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CLASSIFIED DEADLINE FRIDAY AT NOON CLASSIFIED DEADLINE FRIDAY AT NOON CLASSIFIEDS CLASSIFIEDS CLASSIFIEDS CLASSIFIEDS 37 THE RIVER DECEMBER 21, 2012 GARAGE MOVING YARDSALES CAUTION VACATION RENTAL ANNUAL RENTAL ANNUAL RENTAL CAR FOR SALE WANTED TO BUY BOATS CANOES KAYAKS TAXES & FINANCE FOR SALE FICTITIOUS NAMEDUNES TOWNHOUSE Dunes; spacious townhouse with 3+bdrms./3 baths avail. btwn. Dec 1st March 1st; Vaulted ceilings, screened in porches, gracious living area and 2 car garage. View is of propertys swim pool and tennis court. Steps to Bay & moments to beach. Cable TV, Wi internet, tel. and central AC. avail. for a 1-3 month rental. Rates based on $800. $1,400. wkly. rates Call owners directly at 508-965-3751 or e-mail: murray.camp@rcn.comRS 10/19 CC TFN PRIVATE BEACH ACCESS GULF PINES 3BDR/2BTH, Screened Lanai, Wi/Fi Pool & Tennis Seasonal & Monthly Rates Owner 786-877-5330 miamiblocks@bellsouth.net NS 10/19 CC TFN DOCKAGEHourly, Daily, Weekly and Monthly. Captiva Island 472-5800RS 1/30 NC TFN CASH PAID FOR MILITARY ITEMSCash Paid For Old Military Items. Medals, Swords, Uniforms, helmets, old guns, awards & more. Local Toll Free 1-866-440-3280RS 11/23 CC 1/11 1991 CORVETTE CONVERTIBLE69,000 miles. Good condition, New Tires. $6,500. or best offer. Call Ken at 239-472-3757.NS 11/2 CC TFN ANNUAL RENTALSSANIBELCONDOMINIUM Across from Beach, 2/2 F. Pool/tennis @ $1,400/mo472-6747Gulf Beach Properties, Inc.Paul H. Zimmerman, Broker/OwnerServing The Islands Rental Needs Since 1975 RS 12/07 BM TFNROOMMATE WANTEDRoommate to share beautiful home in the Dunes. Annual or Seasonal. $700 plus half utilities. 239-321-1084.NS 11/30 CC TFN RE/MAX OF THE ISLANDSPutting owners and tenants together Call Dustyn Corace www.remax-oftheislands.com 239-472-2311RS 3/30 BM TFN ANNUAL RENTAL Apartment for lease on Sanibel, Mid Island, Furnished, 1B/1B $895. per month. Call 734-761-7600 ext. 231. NS 11/23 CC TFN FOR RENTHome to Share. Large outside deck, carport, laundry room. Furnished $500. + utilities, female. N/P, N/S. Call 239-699-5320 NS 11/23 CC TFN ANNUAL RENTAL2/2 UF condo with den. On canal, East End of Sanibel. W/D, boat dock, deeded beach access, covered parking. $1,500/month. Call 239-728-1920. RS 12/7 CC TFN HUGE ESTATE/JEWELRY SALEMerry Christmas Season Clearance 30% off all old consignments! NEW WEEK NEW SALES! Large OLD indoor lighting xtures Remington Bronzes Whitehead Prints Rauschenberg Memorabilia SeaShells Tiny Italian Mosaics Chinese Snoofs Taxco Mexican Southwester & Peruvian OLDER 925 Sterling Silver Jewelry Earrings Rings Bracelets Necklaces Vast array ONE OF A KIND uniquities! Sanibel Consignments 2431 Periwinkle Way 472-5222, www.sanibelauction.com RS 12/14 CC TFN RS 12/21 CC 12/28FICTITIOUS NAMEFICTITIOUS NAME NOTICE IS HEREBY GIVEN that the undersigned, desiring to engage in business under The ctitious name of Sanibel Health Club, located in Lee County, Florida, with an address of 975 Rabbit Road, Unit 1, Sanibel, Florida 33957 has registered said name with The Division of Corporations of the Department of State, Tallahassee, Florida. Dated the 13th day of December, 2012. Sanibel-Captiva Health Club, LLC.NS 12/21 CC 12/21 YARD SALESat. Dec. 22, 9-3 3009 Singing Wind Drive Sanibel NS 12/21CC 12/21 GARAGE/YARD SALESFri. & Sat. Dec. 21-22, 8am to 3 pm. 1290 Sandcastle Road, Sanibel. Many Unique items!NS 12/21 CC 12/21 ROOM FOR RENTRoom Private Bath, Beach Access, $500. per month. Call 239-851-5237. NS 12/21 CC 12/21 ANNUAL RENTALSANIBEL, Beach Access Annual rental, 2BR, 1 BA, 1/2 Duplex, near beach. Private laundry, dishwasher, unfurnished. No pets, non-smoker. PH 708-557-1083NS 12/21 CC 12/28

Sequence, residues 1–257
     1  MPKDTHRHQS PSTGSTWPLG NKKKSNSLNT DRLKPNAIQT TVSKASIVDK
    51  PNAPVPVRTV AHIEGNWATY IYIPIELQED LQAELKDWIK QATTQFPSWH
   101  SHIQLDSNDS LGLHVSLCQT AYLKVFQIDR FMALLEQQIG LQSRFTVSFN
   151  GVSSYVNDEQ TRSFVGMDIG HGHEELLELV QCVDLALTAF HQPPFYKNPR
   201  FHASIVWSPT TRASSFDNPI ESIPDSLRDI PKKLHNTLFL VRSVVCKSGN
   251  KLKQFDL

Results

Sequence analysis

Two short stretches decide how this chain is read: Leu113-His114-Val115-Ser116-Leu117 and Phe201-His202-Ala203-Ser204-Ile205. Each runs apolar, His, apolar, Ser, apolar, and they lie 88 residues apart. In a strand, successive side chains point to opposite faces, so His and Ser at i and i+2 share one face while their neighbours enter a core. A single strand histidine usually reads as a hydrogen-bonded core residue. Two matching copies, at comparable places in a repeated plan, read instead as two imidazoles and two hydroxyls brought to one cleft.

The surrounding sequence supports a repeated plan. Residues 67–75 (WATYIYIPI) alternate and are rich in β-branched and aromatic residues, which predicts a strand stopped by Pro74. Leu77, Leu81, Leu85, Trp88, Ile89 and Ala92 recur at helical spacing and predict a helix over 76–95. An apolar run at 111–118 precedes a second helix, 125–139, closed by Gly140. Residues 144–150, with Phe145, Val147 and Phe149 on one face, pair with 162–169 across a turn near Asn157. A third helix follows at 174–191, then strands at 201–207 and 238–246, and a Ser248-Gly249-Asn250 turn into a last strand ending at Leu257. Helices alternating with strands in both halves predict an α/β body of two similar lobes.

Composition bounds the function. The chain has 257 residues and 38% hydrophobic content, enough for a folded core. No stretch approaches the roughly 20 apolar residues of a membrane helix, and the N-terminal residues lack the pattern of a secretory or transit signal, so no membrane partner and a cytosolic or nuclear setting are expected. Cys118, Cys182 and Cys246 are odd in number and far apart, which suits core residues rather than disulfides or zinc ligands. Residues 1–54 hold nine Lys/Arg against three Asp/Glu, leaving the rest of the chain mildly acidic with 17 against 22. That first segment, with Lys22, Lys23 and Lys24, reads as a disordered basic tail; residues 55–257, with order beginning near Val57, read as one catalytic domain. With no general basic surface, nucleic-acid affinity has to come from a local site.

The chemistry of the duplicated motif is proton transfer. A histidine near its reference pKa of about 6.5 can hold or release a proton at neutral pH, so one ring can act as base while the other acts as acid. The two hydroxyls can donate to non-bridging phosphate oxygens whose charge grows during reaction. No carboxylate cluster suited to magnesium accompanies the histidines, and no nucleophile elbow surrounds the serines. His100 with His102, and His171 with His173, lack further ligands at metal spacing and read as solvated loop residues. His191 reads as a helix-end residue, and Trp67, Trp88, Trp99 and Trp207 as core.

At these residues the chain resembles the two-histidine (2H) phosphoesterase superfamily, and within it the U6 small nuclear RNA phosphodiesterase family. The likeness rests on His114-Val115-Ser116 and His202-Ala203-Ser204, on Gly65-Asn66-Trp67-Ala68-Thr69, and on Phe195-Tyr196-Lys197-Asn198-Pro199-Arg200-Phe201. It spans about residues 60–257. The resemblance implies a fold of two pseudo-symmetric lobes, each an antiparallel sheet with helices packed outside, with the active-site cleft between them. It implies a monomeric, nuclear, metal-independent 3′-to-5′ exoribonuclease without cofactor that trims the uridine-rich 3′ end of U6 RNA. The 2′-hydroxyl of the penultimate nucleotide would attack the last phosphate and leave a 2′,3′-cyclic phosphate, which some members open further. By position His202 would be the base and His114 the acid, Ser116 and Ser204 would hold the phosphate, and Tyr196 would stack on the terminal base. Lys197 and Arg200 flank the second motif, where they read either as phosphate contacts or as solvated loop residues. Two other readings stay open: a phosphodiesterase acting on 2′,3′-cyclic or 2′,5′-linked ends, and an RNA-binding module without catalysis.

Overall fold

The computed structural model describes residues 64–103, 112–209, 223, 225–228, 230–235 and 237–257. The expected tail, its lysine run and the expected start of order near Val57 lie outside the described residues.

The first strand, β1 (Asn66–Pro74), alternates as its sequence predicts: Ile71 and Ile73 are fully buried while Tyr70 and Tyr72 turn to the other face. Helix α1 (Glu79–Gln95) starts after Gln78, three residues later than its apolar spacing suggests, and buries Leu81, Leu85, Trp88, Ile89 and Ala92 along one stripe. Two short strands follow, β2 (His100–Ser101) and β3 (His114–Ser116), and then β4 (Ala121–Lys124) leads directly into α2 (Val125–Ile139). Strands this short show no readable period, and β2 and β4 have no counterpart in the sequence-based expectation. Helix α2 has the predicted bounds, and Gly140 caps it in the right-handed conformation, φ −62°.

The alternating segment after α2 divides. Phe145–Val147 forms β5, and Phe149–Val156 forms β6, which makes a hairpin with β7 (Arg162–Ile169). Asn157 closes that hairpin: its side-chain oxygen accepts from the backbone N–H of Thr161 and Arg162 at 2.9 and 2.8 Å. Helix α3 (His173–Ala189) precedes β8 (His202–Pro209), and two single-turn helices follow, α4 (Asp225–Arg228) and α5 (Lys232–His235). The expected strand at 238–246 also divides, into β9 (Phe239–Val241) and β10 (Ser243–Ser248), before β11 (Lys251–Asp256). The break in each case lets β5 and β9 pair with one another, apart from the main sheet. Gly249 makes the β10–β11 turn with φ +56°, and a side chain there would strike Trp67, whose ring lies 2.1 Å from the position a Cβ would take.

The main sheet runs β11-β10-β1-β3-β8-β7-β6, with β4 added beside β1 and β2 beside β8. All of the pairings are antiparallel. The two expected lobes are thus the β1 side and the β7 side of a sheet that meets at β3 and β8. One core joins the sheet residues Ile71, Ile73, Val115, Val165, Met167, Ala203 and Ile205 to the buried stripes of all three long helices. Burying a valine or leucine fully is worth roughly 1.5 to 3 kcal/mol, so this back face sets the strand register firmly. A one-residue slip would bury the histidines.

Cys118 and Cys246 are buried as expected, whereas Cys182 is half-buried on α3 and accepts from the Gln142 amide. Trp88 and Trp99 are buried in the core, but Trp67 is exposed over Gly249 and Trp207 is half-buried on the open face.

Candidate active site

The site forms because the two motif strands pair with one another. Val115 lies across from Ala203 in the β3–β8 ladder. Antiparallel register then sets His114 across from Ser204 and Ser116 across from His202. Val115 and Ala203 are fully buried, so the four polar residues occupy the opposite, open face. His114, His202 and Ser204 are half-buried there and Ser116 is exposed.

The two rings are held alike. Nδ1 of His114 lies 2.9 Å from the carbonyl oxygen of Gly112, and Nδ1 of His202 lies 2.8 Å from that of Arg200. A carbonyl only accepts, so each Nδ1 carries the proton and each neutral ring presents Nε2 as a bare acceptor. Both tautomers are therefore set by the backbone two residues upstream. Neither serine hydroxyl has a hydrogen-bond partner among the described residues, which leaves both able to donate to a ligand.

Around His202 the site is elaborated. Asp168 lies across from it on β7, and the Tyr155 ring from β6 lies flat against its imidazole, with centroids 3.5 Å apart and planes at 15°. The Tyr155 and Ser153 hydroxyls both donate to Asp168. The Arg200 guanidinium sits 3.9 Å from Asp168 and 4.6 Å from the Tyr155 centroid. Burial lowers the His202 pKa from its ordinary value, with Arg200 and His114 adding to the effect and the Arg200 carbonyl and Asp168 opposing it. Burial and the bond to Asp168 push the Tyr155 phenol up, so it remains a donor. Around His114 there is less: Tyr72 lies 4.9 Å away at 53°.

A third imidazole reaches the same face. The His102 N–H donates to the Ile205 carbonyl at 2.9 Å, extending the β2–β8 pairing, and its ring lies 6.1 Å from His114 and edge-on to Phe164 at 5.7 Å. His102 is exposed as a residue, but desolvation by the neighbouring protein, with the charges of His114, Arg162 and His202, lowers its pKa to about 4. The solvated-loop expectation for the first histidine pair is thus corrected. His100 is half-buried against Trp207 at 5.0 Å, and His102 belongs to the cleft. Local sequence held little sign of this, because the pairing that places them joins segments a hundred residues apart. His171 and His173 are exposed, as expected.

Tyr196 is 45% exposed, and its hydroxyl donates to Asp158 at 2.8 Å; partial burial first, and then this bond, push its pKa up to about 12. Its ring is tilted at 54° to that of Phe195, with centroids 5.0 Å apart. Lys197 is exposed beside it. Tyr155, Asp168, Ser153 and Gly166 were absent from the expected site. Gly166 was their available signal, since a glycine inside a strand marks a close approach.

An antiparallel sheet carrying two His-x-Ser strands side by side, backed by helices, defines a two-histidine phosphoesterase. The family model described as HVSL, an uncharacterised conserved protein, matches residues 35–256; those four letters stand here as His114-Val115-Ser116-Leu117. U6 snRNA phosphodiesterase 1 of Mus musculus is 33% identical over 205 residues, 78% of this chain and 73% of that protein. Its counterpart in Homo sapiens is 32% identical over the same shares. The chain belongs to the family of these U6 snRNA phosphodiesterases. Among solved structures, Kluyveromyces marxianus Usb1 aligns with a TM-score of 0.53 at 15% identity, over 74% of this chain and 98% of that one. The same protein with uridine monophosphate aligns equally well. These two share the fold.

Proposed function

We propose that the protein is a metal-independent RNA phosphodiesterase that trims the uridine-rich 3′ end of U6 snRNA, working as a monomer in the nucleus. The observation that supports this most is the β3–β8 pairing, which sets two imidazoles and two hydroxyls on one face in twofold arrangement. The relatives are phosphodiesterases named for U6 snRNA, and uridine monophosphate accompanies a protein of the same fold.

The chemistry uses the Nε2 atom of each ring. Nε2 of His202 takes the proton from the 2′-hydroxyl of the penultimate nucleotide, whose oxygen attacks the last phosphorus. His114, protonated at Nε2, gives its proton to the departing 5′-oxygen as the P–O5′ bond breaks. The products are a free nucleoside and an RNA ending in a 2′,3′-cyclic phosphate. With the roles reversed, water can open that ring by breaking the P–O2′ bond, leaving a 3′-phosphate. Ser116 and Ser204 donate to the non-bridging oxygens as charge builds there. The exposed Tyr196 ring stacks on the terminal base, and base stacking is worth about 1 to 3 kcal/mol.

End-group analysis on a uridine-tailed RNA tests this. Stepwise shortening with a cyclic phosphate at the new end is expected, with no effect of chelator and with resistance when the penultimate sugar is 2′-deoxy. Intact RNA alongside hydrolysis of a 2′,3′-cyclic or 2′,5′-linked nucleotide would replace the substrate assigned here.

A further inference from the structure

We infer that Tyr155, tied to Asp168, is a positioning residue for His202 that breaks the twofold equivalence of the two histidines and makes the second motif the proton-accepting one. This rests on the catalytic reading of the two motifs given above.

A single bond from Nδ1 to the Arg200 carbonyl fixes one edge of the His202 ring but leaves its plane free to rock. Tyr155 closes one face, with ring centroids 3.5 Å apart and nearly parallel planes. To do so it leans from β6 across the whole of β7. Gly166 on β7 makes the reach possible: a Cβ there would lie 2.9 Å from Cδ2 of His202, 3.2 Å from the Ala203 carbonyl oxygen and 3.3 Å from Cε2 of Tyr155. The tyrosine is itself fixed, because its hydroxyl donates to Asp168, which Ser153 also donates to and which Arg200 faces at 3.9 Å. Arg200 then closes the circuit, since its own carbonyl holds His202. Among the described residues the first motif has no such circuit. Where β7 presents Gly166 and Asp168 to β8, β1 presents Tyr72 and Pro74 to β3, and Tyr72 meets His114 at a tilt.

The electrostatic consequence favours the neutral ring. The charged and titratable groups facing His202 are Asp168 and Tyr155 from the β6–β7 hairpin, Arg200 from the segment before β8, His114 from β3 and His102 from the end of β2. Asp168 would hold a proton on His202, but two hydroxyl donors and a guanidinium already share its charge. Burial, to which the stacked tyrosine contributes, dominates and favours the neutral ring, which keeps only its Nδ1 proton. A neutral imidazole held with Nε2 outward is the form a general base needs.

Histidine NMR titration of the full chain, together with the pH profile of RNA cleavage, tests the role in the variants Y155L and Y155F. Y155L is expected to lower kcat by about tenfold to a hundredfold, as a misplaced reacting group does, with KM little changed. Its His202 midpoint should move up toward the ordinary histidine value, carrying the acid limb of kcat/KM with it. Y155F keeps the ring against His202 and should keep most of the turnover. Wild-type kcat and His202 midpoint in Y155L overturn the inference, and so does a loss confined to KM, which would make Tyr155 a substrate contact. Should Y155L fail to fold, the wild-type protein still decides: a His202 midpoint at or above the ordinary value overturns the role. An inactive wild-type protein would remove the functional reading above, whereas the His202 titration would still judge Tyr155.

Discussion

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Read us online at islandsunnews.com Read us online at islandsunnews.com SUDOKUTo play Sudoku: Complete the grid so that every row, column and every 3x3 box contains the numbers 1 through 9 (the same number cannot appear more than once in a row, column or 3x3 box.) There is no guessing and no math involved, just logic.answer on page 35 If you would like your club/organization listed in The River Calling Card, phone 415-7732Emergency .........................................................................................911 Lee County Sheriffs Of ce ........................................................477-1200 Florida Marine Patrol ................................................................332-6966 Florida Highway Patrol ..............................................................278-7100 Poison Control ................................................................1-800-282-3171HealthPark Medical Center .......................................1-800-936-5321Ft. Myers Chamber of Commerce .............................................332-3624 Foundation for Quality Childcare ..............................................425-2685 Ft. Myers Beach Chamber of Commerce ..................................454-7500 Fort Myers Beach Library .........................................................463-9691 Lakes Regional Library ............................................................533-4000 Lee County Chamber of Commerce ..........................................931-0931 Post Of ce .....................................................................1-800-275-8777 Visitor & Convention Bureau .....................................................338-3500 ARTS Alliance for the Arts ..................................................................939-2787 Art of the Olympians Museum & Gallery ...................................332-5055 Arts For ACT Gallery & Studio ..................................................337-5050 Art League Of Fort Myers .........................................................275-3970 Barbara B. Mann Performing Arts Hall ......................................481-4849 BIG ARTS ................................................................................395-0900 Broadway Palm Dinner Theatre ............................................... 278-4422 Cultural Park Theatre ................................................................772-5862 Edison Festival of Light .............................................................334-2999 Florida Repertory Theatre at the Arcade ..................................332-4488 Florida West Arts ......................................................................948-4427 Fort Myers Symphonic Mastersingers.......................................472-0168 Gulf Coast Symphony ...............................................................489-1800 Harmony Chorus, Charles Sutter, Pres .....................................481-8059 Naples Philharmonic ...........................................................239-5971111 The Schoolhouse Theater .........................................................472-6862 S.W. Florida Symphony .............................................................418-0996 Theatre Conspiracy ..................................................................936-3239 Young Artists Awards ................................................................574-9321CLUBS & ORGANIZATIONSAngel Flight ................................................................1-877-4AN-ANGEL Animal Refuge Center ...............................................................731-3535 American Business Women Association ...................................357-6755 Audubon of SWFL .....................................................................339-8046 Audubon Society .......................................................................472-3156 Caloosahatchee Chapter DAR ..................................................482-1366 Caloosahatchee Folk Society ...................................................321-4620 Cape Chorale Barbershop Chorus .................................1-855-425-3631 Cape Coral Stamp Club ............................................................542-9153 duPont Company Retirees .......................................................454-1083 Edison Porcelain Artists ............................................................415-2484 Ft Myers UDC Chapter 2614 (United Daughters of the Confederacy ..................................728-3743 Friendship Force Of SW FL ......................................................561-9164 The Horticulture and Tea Society .............................................472-8334 Horticultural Society .................................................................472-6940 Lee County Genealogical Society .............................................549-9625 Lee Trust for Historic Preservation ...........................................939-7278 NARFE(National Active & Retired Federal Employees .............482-6713 Navy Seabees Veterans of America ..........................................731-1901 Paradise Iowa Club of SWFL ....................................................667-1354 Sons of Confederate Veterans ..................................................332-2408 Southwest Florida Fencing Academy ........................................939-1338 Southwest Florida Music Association ........................................561-2118 Kiwanis Clubs: Fort Myers Beach.................................................765-4254 or 454-8090 Fort Myers Edison .....................................................................694-1056 Fort Myers South ......................................................................691-1405 Gateway to the Islands..............................................................415-3100 Iona-McGregor..........................................................................482-0869Lions Clubs:Fort Myers Beach......................................................................463-9738 Fort Myers High Noon ...............................................................466-4228 Estero/South Fort Myers ...........................................................898-1921 Notre Dame Club of Lee County .............................................. 768-0417 POLO Club of Lee County.........................................................477-4906 Rotary Club of Fort Myers .........................................................332-8158 Sanibel-Captiva Orchid Society ................................................472-6940 United Way of Lee County ........................................................433-2000 United Way 211 Helpline (24 hour) .................................211 or 433-3900AREA ATTRACTIONSBailey-Matthews Shell Museum ................................................395-2233 Burroughs Home ......................................................................337-9505 Calusa Nature Center & Planetarium ........................................275-3435 Edison & Ford Winter Estates ...................................................334-3614 Fort Myers Skate Park ..............................................................321-7558 Imaginarium Hands-On Museum & Aquarium ............................321-7420 JN Ding Darling National Wildlife Refuge ................................472-1100 Koreshan State Historic Site ..............................................239-992-0311 Ostego Bay Foundation Marine Science Center .......................765-8101 Skatium ......................................................................................321-7510 Southwest Florida Museum of History ......................................321-7430 True Tours .................................................................................945-0405 Pets Of The Week THE RIVER DECEMBER 21, 201238 Hello, my name is Athena and I am a 2-year-old spayed female black Labrador Retriever mix. Im a joyful, tailwagging girl. If you are looking for a good family pet, Im the one for you. Whether we take long walks or go to the beach (Dog Beach would be ideal), Ill be your best buddy! My adoption fee is $38 (regularly $75) during Animal Services Home 4 The Holidays Adoption Promotion. Hello, my name is Sax and Im a 4-year-old neutered male domestic short hair. I may look like your average orange tabby, but I have one of the best personalities of all the cats at the shelter. Animal Services was awarded custody of me because I didnt come from a very good home. My Christmas wish is that a nice family would give me the home Ive always wanted where Ill be safe and loved. I will be happy playing with your other pets or just showering you with all my attention. My adoption fee is $10 (regularly $50) during Animal Services Home 4 The Holidays Adoption Promotion. For information about this weeks pets, call 533-7387 (LEE-PETS) or log on to Animal Services website at www.LeeLostPets.com. When calling, refer to the animals ID number. The website updates every hour so you will be able to see if these or any other pets are still available. The shelter is open for adoptions from 11:30 a.m. to 3:30 p.m. Monday through Saturday. The shelter is located at 5600 Banner Drive in Fort Myers, next to the Lee County Sheriffs Office off Six Mile Cypress Parkway. All adoptions include spay/neuter surgery, age-appropriate vaccinations, rabies vaccination and county license if three months or older, flea treatment, worming, heartworm test for dogs six months and over, feline AIDS and leukemia test for cats, training DVD, 10-day health guarantee and a bag of Science Diet pet food. The adoption package is valued at $500. Sax ID# 419018 Athena ID# 532351 photos by squaredogphoto.com